Ivory-seeking poachers have killed 100,000 African elephants in just three years, according to a new study that provides the first reliable continent-wide estimates of illegal kills. During 2011 alone, roughly one of every twelve African elephants was killed by a poacher.
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In central Africa, the hardest-hit part of the continent, the regional elephant population has declined by 64 percent in a decade, a finding of the new study that supports another recent estimate developed from field surveys.
The demand for ivory, most notably in China and elsewhere in Asia, and the confusion caused by a one-time sale of confiscated ivory have helped keep black market prices high in Africa.
The new study, published in the August 19 issue of Proceedings of the National Academy of Sciences, led by George Wittemyer of Colorado State University, included local and regional population estimates and concluded that three-quarters of local elephant populations are declining.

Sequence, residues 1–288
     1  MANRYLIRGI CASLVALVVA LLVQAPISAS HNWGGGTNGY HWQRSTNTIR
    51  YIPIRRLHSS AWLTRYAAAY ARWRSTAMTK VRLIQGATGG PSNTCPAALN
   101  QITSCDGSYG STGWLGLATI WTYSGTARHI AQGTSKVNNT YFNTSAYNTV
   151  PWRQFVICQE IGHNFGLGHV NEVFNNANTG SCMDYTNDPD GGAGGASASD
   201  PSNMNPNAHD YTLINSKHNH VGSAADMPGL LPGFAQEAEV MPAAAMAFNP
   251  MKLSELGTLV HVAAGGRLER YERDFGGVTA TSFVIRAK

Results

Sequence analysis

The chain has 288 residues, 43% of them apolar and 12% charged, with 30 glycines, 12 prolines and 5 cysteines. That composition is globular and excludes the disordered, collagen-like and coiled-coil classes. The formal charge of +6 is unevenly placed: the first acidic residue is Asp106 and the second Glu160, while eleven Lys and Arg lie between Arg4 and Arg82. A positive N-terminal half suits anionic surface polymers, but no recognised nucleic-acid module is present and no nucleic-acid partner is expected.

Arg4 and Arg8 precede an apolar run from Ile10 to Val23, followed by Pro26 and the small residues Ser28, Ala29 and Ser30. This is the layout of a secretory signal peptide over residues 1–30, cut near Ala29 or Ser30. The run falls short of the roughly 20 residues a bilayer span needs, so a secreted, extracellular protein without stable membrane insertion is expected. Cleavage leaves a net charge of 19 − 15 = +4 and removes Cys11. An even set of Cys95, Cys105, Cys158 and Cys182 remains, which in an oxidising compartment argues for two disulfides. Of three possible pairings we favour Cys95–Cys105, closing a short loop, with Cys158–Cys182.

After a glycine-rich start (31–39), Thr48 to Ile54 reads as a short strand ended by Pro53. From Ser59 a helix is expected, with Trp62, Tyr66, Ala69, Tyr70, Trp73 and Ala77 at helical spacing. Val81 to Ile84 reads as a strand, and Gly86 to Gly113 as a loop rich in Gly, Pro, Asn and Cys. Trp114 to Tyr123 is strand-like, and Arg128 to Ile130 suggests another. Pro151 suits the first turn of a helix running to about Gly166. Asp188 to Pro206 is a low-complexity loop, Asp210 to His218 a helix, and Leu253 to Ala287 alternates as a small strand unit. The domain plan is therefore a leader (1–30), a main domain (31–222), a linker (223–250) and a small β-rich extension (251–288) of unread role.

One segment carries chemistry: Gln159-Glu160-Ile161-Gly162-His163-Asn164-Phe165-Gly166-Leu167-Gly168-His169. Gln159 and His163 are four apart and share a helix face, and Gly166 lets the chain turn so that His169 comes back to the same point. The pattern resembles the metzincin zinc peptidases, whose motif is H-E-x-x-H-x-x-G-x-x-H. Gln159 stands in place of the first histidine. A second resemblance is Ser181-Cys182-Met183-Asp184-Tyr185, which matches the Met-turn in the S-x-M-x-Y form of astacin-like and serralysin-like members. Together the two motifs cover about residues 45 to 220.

The study authors conducted the first large-scale analysis of poaching losses using data on illegally killed elephants maintained by CITES (the Convention on International Trade in Endangered Species of Wild Fauna and Flora).
Wittemyer and his team hope the new information will move the discussion beyond anecdotes and wild guesses. “I think it’s the only quantitatively based estimate out there,” he said.
Researchers and conservationists hope the analysis will prompt policy makers to take further action to stem the years-long onslaught of poaching, which now threatens the survival of elephants in Africa.
Previous estimates of population declines produced by study co-authors Julian Blanc and Kenneth Burnham, both of CITES, used similar data to examine poaching trends, but those estimates limited the analysis to just 66 sites that were being monitored.
“Nobody’s put out any scientifically-based numbers for the continent,” Wittemyer said. “People have said numbers, but they’re based off guesses. This is the first hard estimate we have at that level.”